In addition to providing instructions to driving game application 36 a, input device manager 801 may also provide other information including the number of times that a control has been operated, the duration of its operation, a timestamp for the operational event (e.g., button 1 was pressed at time=T1, x-axis was moved to position −32 at time=T2, etc.), or a parameter further describing the device event (e.g., in addition to data signifying that motion along the x-axis has occurred, input device manager 801 may also provide data indicating the magnitude and direction of the motion, or data indicating the resulting position of the control). An application, such as driving game application 36 a, may be interested in this information. For example, the firing of a weapon may become more rapid after trigger 1 has been depressed for more than one second. A different game application might cause a pinball cue or a slingshot to be pulled back further the longer a button has been depressed.
Input device manager 801 may receive event notifications from multiple devices, and use the data received from multiple devices to report unified instructions to an application. By doing so, it allows an application to be controlled by various devices while allowing the application to view its input as if it came from a single “unified” device. For example, the auxiliary input used to implement the “change dash display” action correlated with the “DASHBOARD” semantic in driving game 36 a could be the “D” key on keyboard 40 (not shown in FIG. 8). Input device manager 801 will receive notification that the “D” key on keyboard 40 has been pressed, and will translate this notification into an instruction to driving game application 36 a. The source of the input is transparent to application 36 a, which knows only that it has received the instruction to perform the action correlated with the semantic “DASHBOARD.” Another possible application of reporting unified instructions from multiple devices is aggregation of devices (e.g., using a joystick 67 with a set of pedals that are physically connected to driving game controller 66). Alternatively, in some circumstances it may be useful for input device manager 801 not to unify the input from multiple devices and to inform application 36 a which input device a particular input originated from, for example the case where two joysticks are connected to a computer and used simultaneously for a two-player game. This result can be accomplished by assigning an identifying number to each device and providing a device's identifying number to application 36 a along with input generated by that device.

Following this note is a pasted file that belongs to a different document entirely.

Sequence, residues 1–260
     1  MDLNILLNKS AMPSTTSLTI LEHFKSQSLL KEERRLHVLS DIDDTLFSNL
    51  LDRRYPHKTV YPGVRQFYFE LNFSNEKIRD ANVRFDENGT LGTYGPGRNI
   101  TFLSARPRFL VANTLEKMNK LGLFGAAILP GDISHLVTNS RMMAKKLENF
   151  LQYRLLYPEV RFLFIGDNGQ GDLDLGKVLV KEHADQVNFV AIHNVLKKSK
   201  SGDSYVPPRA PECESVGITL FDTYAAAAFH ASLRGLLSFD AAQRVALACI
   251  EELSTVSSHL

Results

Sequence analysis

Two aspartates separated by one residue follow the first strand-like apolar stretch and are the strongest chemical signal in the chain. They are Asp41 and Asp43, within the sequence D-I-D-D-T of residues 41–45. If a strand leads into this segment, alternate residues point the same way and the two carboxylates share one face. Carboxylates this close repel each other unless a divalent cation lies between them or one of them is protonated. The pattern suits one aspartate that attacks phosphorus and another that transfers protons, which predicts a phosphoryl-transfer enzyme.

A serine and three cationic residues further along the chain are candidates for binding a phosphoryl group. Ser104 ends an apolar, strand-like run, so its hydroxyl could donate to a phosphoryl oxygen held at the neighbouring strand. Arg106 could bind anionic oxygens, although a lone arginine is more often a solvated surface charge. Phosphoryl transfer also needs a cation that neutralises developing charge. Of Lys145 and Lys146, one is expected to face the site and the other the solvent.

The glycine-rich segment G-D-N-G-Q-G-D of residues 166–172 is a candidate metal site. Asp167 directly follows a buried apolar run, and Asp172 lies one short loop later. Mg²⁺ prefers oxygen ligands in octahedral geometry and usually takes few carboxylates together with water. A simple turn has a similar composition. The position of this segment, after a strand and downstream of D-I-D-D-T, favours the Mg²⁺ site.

When an application and a device are configured such that the application can instruct the device to perform certain actions, input device manager 801 can also use mapping 220 to convey these instructions from the application to the device. For example, as discussed above, driving game application 36 a has a “feedback” instruction, which is mapped to the “vibrate” function on game controller 66 through the semantic “RUMBLE.” Input device manager 801 receives the “feedback” instruction from driving game application 36 a and uses mapping 220 to send game controller 66 an instruction to vibrate. Game application 36 a may provide the instruction to input device manager 801 with a parameter to be communicated to game controller 66, such as the strength with which game controller 66 should vibrate.